Tuesday, May 31, 2011


I've always been a cuddler. Physical touch is definitely one of my love languages. I remember getting to the age where it was no longer cool to hold hands with your friends and it honestly hurt my feelings. Thankfully, I married a cuddler and we get along just fine.

I can remember when I was little, I would bury my face into my mom, sometimes rubbing it in the process. My mom isn't the cuddly type, but she was sweet to let me waller (cuddle, snuggle and climb all over her). Though she tolerated it during my baby and toddler years, as I got bigger I can actually remember with fondness being scolded for 'rubbing my nose' on her. I would always balk and say, "I'm not rubbing my nose on you!!" And I wasn't. 
It was a comforting thing to rub my face on my mom. I don't know why, but it was.

I now have my very own face-rubber. And I love it. I am so thankful.

Saturday, May 28, 2011

I remember

I blog-jumped for the first time in a long while the other night. I found myself walking into a family's fresh grief; three weeks out. Just barely home from the funeral, the flowers, the cards and condolences. I felt a familiar pang of sadness and pain, and tears formed in my eyes. I remember...

I remember sitting on the couch with my family after we came home from the hospital without Owen. Before the funeral, after the devastation of his birth. Chris made the funeral plans and I cried. I made my way from the couch to the shower to our bed. Crying everywhere I went.

I remember when my milk came in. It was a day after I was discharged from the hospital. The nurses told me it would, but I had no idea. I was lying on the couch, Chris was arranging the funeral, my mom in the kitchen, my dad pacing, my brother and his girlfriend (now wife) sitting at the table working on their graduate studies, and I was lying like a dead woman when I felt the shock and horror of a pain I can't describe now without feeling nauseous. I sobbed and held my chest with my arms, hunched over in pain and humiliation. I kept my head down as I walked past my family to the bathroom. I cried in the shower for a long time. The south was still in a drought, I remember it so clearly, but I didn't care. I let the water pound on my back and I stood there wishing the ground could shallow me whole.

I remember not caring about anyone or anything in those long days before the funeral. I couldn't feel thankful for the meals or the visits or well meaning words of sympathy. I couldn't feel anything but the pain of his absence.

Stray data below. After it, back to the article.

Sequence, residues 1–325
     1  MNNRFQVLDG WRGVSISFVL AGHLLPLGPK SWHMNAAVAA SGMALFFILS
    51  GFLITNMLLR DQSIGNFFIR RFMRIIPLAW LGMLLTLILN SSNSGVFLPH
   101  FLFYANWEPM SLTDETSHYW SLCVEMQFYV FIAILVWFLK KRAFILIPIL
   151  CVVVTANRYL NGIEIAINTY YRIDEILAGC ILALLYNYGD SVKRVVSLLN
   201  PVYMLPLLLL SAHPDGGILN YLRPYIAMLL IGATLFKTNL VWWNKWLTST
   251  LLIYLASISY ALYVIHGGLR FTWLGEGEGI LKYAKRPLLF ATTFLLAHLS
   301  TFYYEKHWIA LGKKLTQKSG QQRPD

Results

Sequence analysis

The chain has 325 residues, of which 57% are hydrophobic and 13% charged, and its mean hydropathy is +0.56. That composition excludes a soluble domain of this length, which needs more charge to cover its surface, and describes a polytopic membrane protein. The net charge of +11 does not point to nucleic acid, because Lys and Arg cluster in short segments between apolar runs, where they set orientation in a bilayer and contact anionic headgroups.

I remember when the shock wore off. And I remember the nights I thought I would die of a broken heart.

But unbelievably, I didn't. I don't know why.

My mind turns back to the words of a family hurting and grieving with all the raw emotion of the beginning. It hurts like hell, I whisper to my computer screen, but unbelievably, your heart will still keep beating. I don't know why.

But I know how- God's grace. He will hold you in the darkest of dark nights. He will comfort your broken heart, though it can't be fixed. Not yet anyways.
He will keep your broken heart beating and he will keep all his promises. I remember. And I'm thankful I  do.

Tuesday, May 17, 2011

Maybe One Day

Bitterness, jealousy, anger, why, why, why....

You'd think that after three and a half years I would be 'over it', right?

Yeah, not so much. I still struggle with those feelings of jealousy and bitterness that I used to blog about so often. Jealousy over things that seem so easy for other people, things they never worry about, things taken for granted.  It's sometimes very hard to remain calm and not slowly combust. Sometimes it's all I can do not to internalize everything and make someone else's struggles about me or compare experiences. Sounds selfish, doesn't it? Oh, it is.
I can only assume that everyone else does this too, in some area or another. Relationships in the here and now are hard. Made strained and tense by sin. All of our sins.

Bitter, jealous, angry...
I don't always feel this way, and for that, I'm very thankful.

But on the days when I feel eaten alive with jealousy and bitterness, God's unending grace is big enough. And on the days when I don't feel eaten alive, that's God's grace too.

Wednesday, May 11, 2011

Seminary lessons

Going to seminary has taught me a lot. And I'm not even the one taking all the classes.

One thing I've learned: 
pray for your pastors and their families.

They need your prayers and support just like you would expect from them. 

I feel ashamed of the way I've thought of my pastors in the past. I've expected perfection and when I received less, I've been angry. I've expected them to say all the right things when I'm hurt or afraid. I've expected them to fill me with hope, joy and peace at all times with every action and spoken word.